Many friends and colleagues gathered to celebrate the acquisition of the art quilt “Labat: A Creole Legacy” by the Smithsonian Institution. We were also celebrating the life of the person who inspired the work. The following is an article I wrote for a local newspaper on the occasion of the send-off party for the piece.
Celestine Vivian “Teenie” Labat was a friend of mine for altogether too short of a time. She had blessed this planet with her presence for 102 years when I met her, and she brought grace to the next two years of my life. The things I learned from her about graciousness, dignity and the importance of a sense of humor will be with me for the rest of my days.
Celestine was born into a world which few of us today can even imagine. As a Creole living in the
Deep South, she and her family often found themselves caught between two worlds. Surrounded by a racist society which branded any person with African heritage as inferior, she lived amidst a family of exemplary individuals. Growing up during the time when women were not allowed the right to vote, Celestine expanded her horizons to get an advanced education, attaining both a bachelor’s and a master’s degree. Segregated by the church to which her family was devoted, she lived to see that church become a beacon in the Catholic community to persons of all colors.
As I was getting to know this remarkable woman, she told me stories of her life. My experiences as a white girl growing up in
in no way prepared me for the stories which I was hearing. Celestine was a gifted storyteller and she soon had me seeing visions. I was in the yard with Celestine when, at the age of 8, she saw her white Creole grandfather staring at her. I watched along with her as her father, “Papa Joe”, won waltzing contests at the Promote Hall. I witnessed her sister Inez, an educator and principal in South Dakota , being made to sit in the back of the bus on her visits home. New Orleans
In this world, I helped Celestine to rake her yard, and I worked with her to clean the graves of her siblings. I was even privileged enough to be asked to help her make her famous pecan cake. She was no longer physically able to stir the batter, but she was plenty sharp enough to see that I was not sifting the flour correctly. I wrote letters to her and called her when I was out of town, and was happy every time I heard her say “hello” in that musical, lilting voice.
Celestine was very proud of her family, and she loved to tell stories about them. As she wove her magic in words and began showing me the faces of her people, the idea for the art quilt was born. Over the next year, I recorded most of my visits with Celestine. She loaned me her family photograph albums and I scanned the photos into my computer. I manipulated the images with an arts program and transformed the old black and white photos into sepia tone images that resembled paintings. I kept many of the images clear so the persons could be easily identified. Others, I allowed to become obscure. I wanted to not only present her family, but also to suggest the many contemporaries and community members whose names are now forgotten. I wanted the piece to be not only a family history, but a cultural commentary as well.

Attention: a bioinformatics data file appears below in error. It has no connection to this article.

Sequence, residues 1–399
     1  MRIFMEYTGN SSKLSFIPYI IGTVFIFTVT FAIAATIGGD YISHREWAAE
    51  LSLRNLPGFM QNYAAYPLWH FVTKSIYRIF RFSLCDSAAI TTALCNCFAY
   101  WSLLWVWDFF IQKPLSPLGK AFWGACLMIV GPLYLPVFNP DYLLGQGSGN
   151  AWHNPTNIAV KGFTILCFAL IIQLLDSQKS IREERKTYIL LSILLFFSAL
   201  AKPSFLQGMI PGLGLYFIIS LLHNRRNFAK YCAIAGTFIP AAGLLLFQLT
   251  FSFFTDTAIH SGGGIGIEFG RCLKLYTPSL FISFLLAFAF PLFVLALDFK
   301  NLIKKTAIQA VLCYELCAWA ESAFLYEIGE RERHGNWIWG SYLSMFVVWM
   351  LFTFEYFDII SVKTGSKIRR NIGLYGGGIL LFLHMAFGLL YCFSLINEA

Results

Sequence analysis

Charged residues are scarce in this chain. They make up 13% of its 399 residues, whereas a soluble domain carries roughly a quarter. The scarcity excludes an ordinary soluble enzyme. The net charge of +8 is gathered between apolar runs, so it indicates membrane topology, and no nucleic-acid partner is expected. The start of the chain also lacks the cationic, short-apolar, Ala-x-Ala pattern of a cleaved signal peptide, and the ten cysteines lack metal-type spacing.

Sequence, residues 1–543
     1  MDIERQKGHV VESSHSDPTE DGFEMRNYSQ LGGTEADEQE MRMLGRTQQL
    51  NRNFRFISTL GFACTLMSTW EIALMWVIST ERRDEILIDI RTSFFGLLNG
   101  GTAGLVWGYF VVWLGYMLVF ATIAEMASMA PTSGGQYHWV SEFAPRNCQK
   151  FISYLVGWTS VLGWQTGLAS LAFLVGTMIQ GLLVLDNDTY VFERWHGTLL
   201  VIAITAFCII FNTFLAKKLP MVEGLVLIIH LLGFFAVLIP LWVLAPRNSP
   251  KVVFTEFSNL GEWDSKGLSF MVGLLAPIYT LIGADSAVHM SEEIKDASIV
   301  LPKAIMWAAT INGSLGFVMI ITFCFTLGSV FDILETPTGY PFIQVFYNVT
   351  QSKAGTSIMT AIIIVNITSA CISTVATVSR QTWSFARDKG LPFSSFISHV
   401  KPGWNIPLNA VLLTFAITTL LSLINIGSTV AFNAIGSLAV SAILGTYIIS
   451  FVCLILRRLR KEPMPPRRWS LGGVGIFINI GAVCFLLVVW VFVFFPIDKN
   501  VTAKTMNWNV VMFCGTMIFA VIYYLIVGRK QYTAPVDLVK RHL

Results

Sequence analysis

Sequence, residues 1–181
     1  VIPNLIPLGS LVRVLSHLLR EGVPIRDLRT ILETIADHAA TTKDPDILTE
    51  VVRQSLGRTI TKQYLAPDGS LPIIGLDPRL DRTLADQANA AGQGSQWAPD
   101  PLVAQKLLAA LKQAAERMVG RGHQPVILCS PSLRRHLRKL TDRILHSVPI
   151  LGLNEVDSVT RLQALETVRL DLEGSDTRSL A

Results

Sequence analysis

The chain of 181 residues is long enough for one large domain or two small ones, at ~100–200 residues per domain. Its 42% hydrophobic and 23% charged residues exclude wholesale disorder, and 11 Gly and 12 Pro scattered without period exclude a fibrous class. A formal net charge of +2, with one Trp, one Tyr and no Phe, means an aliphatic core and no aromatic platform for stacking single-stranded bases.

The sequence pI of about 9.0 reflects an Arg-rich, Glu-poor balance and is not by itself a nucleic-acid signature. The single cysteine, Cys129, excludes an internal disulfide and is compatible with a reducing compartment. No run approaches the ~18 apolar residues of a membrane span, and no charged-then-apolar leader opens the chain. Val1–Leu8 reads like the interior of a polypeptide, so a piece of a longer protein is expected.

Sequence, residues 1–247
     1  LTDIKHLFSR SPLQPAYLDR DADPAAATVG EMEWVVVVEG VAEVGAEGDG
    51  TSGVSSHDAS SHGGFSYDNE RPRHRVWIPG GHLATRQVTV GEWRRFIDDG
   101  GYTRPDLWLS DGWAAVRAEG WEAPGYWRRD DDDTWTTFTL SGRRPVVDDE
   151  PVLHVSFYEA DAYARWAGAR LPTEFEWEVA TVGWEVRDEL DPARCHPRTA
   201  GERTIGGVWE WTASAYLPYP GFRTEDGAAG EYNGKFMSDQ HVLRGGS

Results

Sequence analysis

With the images in place on the quilt, I began selecting the stories I wanted to include. I created the cloth “pages” of text on my computer as well, and decided to arrange the text into five general areas. In one area I presented Celestine’s personal story, and in another I told her family stories. In the third area I told her stories about living with racism, and in the fourth I presented the important place that religion held in their lives. The fifth section of the collage centered on cultural stories. When these elements were in place, my remaining task was to come up with a painted design which would pull the whole piece together and provide a border. I chose an African mudcloth design to represent Celestine’s African and Choctaw heritage. Both of these cultures favored the use of strong geometric designs in their art.
I finished the art quilt shortly before Celestine’s death. My good friend Ellis Anderson and Celestine’s great nephew Wesley helped me haul it into her bedroom. Ellis and I stood on chairs to hold it up for her to see. Celestine was thrilled with the work, and talked of how it was such a wonderful testament to her family. There was laughter and joy in that room, as well as a few tears shed. I made a promise to Celestine that day; I told her that I was going to do my best to see the art quilt end up in a public place, so that her story could be told.
Celestine died less than two weeks later. Before her death, she told me that her great epiphany in life had happened to her in the twilight of her days on earth. She felt a deep satisfaction that the color of a person’s skin no longer meant what it had for many of the years of her life. She said that as a young person, she never would have dreamed of seeing the day when she would have so many friends of all races. I feel incredibly fortunate that she counted me as one of those friends.
And so the stories of Celestine’s life will be traveling to their new home in our country’s national museum. As I looked around at the people who gathered to bid the art quilt farewell, I reflected upon how happy I was to be able to fulfill the promise I had made to her. I also felt a profound appreciation for the support and encouragement I had received from so many friends along the way. Without that support, I knew that there would not have been an occasion to celebrate. I know that Celestine would be joining me in expressing our thanks to all of you.